A September, 2014, blog post on its website brought the news that Tulsa, Okla.-based Prairie Artisan Ales would release a second batch of Pirate Bomb! The beer, a rendition of their immensely popular Bomb! aged on rum casks, was originally unveiled in October 2013 in the form of 12-ounce wax-dipped bottles.
For this release, the wax is gone, as it is for all of Prairie’s beers going forward after concerns over time, cost and past infection issues, though the size of the bottles has stayed the same. The only other notable item with regards to packaging is that the as-delivered ABV is 14 percent, according to the label, which differs from the 13 percent quoted in the aforementioned announcement.
As for the beer itself, not having had the previous release, we’ll have to forgo a batch-to-batch comparison, though a virtual side-by-side with the baseline Bomb! will surely be in order. Regardless, most fans of the brewery know by now that the base beer is an imperial stout infused with coffee, cacao nibs, vanilla beans and chili peppers. Pirate Bomb!, so named because somebody, somewhere decided that rum was the swashbuckler’s swill of choice, sends Bomb! off on a voyage of discovery in rum casks meant to impart more “vanilla and coconut flavors” while adding “body and smoothness” to the beer.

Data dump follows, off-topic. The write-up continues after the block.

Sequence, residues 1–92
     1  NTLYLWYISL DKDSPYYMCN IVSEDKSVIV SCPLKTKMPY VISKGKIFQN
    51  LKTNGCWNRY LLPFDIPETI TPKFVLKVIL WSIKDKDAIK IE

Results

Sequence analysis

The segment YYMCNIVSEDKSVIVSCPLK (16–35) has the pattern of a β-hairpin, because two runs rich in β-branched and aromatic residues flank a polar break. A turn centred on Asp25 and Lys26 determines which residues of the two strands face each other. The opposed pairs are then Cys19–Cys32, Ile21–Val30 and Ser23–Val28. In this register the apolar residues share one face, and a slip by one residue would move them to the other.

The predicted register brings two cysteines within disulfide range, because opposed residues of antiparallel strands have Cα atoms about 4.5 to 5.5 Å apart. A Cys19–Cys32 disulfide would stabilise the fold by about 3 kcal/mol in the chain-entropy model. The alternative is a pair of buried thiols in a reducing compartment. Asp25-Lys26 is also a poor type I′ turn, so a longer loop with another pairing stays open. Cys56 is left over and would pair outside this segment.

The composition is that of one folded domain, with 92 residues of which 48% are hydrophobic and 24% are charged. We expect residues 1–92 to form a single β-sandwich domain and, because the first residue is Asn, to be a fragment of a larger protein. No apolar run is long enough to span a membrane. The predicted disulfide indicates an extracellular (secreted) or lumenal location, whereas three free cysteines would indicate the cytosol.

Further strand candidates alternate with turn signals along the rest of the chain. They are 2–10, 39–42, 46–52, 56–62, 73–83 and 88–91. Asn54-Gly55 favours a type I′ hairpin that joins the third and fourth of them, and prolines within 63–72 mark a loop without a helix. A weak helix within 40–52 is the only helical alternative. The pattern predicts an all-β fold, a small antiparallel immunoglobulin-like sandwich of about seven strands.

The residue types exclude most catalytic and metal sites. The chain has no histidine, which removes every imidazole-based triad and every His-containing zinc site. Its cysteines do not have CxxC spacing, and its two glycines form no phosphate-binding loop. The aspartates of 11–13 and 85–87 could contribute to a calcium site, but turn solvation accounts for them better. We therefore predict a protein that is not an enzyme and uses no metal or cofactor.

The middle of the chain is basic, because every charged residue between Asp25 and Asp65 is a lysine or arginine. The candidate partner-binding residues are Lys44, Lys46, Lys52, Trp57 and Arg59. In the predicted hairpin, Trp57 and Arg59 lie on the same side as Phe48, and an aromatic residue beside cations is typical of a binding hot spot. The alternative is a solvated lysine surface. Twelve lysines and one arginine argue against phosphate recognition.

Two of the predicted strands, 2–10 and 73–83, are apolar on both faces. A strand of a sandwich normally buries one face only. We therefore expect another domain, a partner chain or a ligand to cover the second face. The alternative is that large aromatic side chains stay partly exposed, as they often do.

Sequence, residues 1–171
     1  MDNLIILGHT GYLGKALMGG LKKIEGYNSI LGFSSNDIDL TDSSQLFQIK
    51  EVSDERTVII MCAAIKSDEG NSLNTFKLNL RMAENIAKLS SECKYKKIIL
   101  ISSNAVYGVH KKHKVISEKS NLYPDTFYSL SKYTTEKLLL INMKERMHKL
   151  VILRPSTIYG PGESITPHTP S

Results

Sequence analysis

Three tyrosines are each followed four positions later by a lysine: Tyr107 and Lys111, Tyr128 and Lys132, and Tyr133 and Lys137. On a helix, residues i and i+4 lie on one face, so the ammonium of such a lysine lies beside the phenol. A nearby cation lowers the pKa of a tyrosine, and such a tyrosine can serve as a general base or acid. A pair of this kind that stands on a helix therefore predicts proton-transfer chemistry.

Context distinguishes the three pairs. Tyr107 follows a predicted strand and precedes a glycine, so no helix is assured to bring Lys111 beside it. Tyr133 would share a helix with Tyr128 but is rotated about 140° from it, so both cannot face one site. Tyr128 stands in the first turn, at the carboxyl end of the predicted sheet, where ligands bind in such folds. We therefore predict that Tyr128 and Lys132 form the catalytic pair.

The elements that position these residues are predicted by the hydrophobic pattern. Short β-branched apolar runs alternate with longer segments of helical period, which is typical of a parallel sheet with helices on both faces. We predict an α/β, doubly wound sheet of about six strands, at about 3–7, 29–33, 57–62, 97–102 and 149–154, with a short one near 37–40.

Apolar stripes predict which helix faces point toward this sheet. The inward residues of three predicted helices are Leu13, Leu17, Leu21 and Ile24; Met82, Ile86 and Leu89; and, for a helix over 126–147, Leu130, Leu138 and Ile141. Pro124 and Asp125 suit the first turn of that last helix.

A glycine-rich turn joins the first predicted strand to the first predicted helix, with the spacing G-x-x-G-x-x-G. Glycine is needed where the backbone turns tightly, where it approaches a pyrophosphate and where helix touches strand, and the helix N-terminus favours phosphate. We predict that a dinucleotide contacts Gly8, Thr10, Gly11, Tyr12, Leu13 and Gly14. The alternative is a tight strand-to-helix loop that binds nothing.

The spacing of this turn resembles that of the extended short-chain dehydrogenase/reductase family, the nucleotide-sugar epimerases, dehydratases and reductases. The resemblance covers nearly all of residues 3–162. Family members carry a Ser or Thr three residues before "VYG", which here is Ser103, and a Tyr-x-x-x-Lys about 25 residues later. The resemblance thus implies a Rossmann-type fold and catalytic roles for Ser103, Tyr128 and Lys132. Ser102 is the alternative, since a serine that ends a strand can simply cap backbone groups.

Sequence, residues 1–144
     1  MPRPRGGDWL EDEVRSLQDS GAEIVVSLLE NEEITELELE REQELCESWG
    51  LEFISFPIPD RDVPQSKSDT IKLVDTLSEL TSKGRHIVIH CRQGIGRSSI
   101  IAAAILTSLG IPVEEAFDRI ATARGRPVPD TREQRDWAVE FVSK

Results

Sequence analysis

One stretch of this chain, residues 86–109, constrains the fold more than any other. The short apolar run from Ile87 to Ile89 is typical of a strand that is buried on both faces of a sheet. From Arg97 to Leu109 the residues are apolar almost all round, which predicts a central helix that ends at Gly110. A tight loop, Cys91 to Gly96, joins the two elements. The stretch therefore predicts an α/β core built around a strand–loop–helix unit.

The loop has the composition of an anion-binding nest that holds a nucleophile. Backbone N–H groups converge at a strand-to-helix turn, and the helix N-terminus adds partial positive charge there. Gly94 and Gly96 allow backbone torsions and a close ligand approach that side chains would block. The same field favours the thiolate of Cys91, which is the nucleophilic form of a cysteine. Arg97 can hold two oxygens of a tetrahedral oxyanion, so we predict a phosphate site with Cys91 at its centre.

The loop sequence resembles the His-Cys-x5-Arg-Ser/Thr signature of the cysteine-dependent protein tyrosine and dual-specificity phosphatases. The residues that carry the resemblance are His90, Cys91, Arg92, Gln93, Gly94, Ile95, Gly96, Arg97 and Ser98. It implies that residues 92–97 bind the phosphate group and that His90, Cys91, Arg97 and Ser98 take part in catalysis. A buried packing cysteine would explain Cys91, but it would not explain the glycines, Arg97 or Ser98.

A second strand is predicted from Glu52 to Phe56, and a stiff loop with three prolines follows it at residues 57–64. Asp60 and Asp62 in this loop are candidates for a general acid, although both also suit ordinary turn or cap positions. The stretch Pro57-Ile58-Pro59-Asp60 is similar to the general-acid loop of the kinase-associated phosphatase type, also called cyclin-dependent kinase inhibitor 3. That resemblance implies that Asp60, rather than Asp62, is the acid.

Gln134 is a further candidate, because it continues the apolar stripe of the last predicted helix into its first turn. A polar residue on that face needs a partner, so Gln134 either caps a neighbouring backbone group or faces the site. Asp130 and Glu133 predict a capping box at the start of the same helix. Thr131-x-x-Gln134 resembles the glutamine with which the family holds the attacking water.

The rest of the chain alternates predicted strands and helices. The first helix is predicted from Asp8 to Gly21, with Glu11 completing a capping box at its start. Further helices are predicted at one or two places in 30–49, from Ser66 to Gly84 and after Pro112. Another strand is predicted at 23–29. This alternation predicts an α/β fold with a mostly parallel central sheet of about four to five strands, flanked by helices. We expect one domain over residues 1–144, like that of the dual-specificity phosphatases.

Out of the bottle, Pirate Bomb! emerges—appropriately—as a sea of blackness, settling beneath a well-formed layer of mocha-colored foam. The forward aroma favors coffee at first, though this gives way rather quickly to the intensely earthy character of the cacao nibs. Careful examination might uncover the slightest bit of rum, but it’s ever so fleeting that you can’t help but wonder if your mind isn’t just trying to convince you that it’s there.
In terms of taste, chocolate is clearly the dominant flavor characteristic. Other elements stay mostly subtle, with vanilla providing a slight sweetness throughout and the chili peppers adding some mild heat in the finish. It’s there that the coffee reappears as well, as hints of chocolate and roast linger well into the aftertaste. Body leans towards full, but the slick feel of the beer and its soft carbonation make it a surprisingly—and yes, dangerously—easy drinker.